Friday, June 26, 2009
Today CBO released the Long-Term Budget Outlook. Under current law, the federal budget is on an unsustainable path—meaning that federal debt will continue to grow much faster than the economy over the long run. Although great uncertainty surrounds long-term fiscal projections, rising costs for health care and the aging of the U.S. population will cause federal spending to increase rapidly under any plausible scenario. Unless tax revenues increase just as rapidly, the rise in spending will produce growing budget deficits and accumulating debt. Large budget deficits would reduce national saving, leading to more borrowing from abroad and less domestic investment, which in turn would depress income growth in the United States.
Keeping deficits and debt from reaching levels that could cause substantial harm to the economy would require increasing revenues significantly as a percentage of gross domestic product (GDP), decreasing projected spending sharply, or some combination of the two. Making such changes sooner rather than later would lessen the risks that current fiscal policy poses to the economy. Although the policy choices that will be necessary are difficult, CBO’s long-term budget projections make clear that doing nothing is not an option: Legislation must ultimately be adopted that raises revenue or reduces spending or both. Moreover, delaying action simply exacerbates the challenge, as is discussed in the report.
I ran some of the current numbers from the CBO's historical data series. Here are the relevant charts (click for a larger image):
Overall, the downward trend from the double top continues. Prices are moving lower and the MACD and RSI are confirming the trend. The 10 and 20 week EMA are also moving lower with the 10 week EMA going though the 50 week EMA and the 20 about to follow suit.
The daily chart is a great example of bear market rallies -- it contains two. Notice how prices are moving lower but the lower movement is interrupted by several pennant and flag patterns. These are classic bear market corrections.
Thursday, June 25, 2009
The big news today was from a technical perspective. Notice that prices moved above 10 day trendlines on all four averages. That's a very important move technically. However, look at the daily charts and you'll notice that prices are rebounding from a downward movement.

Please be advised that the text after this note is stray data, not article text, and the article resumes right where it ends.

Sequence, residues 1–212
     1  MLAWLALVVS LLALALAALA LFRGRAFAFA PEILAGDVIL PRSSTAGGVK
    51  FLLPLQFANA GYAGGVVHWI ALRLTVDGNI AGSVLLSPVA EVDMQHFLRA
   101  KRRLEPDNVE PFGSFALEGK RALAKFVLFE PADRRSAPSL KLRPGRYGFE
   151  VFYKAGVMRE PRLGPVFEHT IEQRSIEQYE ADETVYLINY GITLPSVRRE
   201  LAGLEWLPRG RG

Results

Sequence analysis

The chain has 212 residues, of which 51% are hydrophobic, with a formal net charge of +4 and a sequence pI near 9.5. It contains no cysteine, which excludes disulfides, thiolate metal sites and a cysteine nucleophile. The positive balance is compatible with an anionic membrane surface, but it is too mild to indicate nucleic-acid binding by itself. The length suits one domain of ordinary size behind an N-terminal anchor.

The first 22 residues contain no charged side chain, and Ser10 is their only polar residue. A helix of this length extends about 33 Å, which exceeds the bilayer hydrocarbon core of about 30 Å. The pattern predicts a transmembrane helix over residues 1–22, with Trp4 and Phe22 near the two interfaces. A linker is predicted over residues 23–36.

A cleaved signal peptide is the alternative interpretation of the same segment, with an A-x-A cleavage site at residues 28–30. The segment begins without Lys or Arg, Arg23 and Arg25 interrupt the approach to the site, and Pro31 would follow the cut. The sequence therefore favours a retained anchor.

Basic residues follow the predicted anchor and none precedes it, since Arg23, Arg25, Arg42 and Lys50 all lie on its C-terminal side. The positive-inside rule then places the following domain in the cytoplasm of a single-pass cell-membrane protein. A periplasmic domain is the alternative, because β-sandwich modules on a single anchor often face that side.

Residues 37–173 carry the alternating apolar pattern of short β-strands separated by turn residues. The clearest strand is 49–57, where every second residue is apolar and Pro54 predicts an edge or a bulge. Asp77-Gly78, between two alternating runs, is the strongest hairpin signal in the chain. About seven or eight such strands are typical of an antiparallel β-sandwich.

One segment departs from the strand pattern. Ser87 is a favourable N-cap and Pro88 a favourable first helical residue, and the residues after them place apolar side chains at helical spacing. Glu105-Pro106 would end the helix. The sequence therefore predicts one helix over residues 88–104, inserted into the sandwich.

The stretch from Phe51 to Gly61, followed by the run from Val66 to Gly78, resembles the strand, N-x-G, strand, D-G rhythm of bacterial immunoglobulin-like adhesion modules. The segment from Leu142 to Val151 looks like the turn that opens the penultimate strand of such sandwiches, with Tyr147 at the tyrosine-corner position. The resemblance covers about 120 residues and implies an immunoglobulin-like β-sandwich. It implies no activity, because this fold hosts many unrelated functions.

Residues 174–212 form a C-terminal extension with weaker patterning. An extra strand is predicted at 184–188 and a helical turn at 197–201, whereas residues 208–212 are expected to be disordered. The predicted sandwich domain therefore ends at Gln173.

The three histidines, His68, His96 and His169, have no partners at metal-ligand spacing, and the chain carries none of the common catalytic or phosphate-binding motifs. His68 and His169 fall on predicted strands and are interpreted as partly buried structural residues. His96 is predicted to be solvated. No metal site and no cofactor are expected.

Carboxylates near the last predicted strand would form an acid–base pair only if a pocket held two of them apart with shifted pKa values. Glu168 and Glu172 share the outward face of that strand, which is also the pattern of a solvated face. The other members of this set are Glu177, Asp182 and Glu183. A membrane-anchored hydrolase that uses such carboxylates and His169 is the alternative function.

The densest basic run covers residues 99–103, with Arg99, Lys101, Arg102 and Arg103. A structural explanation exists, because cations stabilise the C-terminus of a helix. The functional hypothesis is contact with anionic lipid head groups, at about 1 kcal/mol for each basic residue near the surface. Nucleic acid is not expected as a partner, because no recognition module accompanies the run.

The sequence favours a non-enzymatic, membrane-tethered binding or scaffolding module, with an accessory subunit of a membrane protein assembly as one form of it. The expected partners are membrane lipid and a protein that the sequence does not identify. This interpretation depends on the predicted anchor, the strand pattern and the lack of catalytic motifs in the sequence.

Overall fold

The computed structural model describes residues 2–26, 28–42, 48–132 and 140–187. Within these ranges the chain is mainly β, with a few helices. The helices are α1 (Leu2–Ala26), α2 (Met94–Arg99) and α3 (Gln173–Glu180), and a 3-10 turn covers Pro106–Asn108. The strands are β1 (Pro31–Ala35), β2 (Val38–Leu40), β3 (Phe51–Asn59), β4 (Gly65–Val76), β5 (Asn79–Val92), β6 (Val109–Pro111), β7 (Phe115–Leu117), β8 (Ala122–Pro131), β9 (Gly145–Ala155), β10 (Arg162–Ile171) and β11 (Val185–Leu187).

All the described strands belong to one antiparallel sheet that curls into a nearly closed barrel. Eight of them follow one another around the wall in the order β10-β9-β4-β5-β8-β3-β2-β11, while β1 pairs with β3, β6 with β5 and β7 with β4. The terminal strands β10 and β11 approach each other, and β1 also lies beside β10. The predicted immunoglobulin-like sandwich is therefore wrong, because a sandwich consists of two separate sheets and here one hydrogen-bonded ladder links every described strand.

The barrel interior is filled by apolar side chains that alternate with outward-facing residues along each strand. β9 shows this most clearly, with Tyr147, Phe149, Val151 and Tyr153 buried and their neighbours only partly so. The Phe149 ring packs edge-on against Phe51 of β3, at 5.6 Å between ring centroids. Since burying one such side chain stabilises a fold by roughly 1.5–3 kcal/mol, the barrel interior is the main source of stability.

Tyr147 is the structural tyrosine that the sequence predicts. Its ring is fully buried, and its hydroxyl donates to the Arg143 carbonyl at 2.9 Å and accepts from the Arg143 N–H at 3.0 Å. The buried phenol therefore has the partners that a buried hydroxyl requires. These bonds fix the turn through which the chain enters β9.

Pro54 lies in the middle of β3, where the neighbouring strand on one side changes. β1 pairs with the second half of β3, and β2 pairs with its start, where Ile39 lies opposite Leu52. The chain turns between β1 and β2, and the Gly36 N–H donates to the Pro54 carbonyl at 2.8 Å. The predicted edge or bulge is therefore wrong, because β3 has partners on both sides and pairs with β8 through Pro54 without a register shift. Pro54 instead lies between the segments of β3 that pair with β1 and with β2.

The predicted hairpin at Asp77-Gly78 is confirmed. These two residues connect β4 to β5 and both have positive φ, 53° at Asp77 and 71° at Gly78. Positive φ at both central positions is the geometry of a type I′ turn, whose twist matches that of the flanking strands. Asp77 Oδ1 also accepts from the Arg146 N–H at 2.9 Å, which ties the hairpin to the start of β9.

The DIAs are rallying into the 200 day SMA
The SPYs are rallying from teh 200 day SMA (a good development) but are rising from the lower point of a downward sloping channel.
The one exception is the QQQQs
Real gross domestic product -- the output of goods and services produced by labor and property located in the United States -- decreased at an annual rate of 5.5 percent in the first quarter of 2009, (that is, from the fourth quarter to the first quarter), according to final estimates released by the Bureau of Economic Analysis. In the fourth quarter, real GDP decreased 6.3 percent.
The good news is this number keeps going higher and (or less worse).
But there are still major problems, especially in the area of investment. Consider these points from the report:
Real nonresidential fixed investment decreased 37.3 percent, compared with a decrease of 21.7 percent. Nonresidential structures decreased 42.9 percent, compared with a decrease of 9.4 percent. Equipment and software decreased 33.7 percent, compared with a decrease of 28.1 percent. Real residential fixed investment decreased 38.8 percent, compared with a decrease of 22.8 percent.
Investment fell out of bed last quarter in a big way. Residential has been terrible for a few years now, so that number is not shocking. However, business essentially halted any expansion plans last quarter. That's very concerning. In addition, consider this chart which shows the percentage of non-residential investment as a percentage of GDP. All figures are inflation adjusted.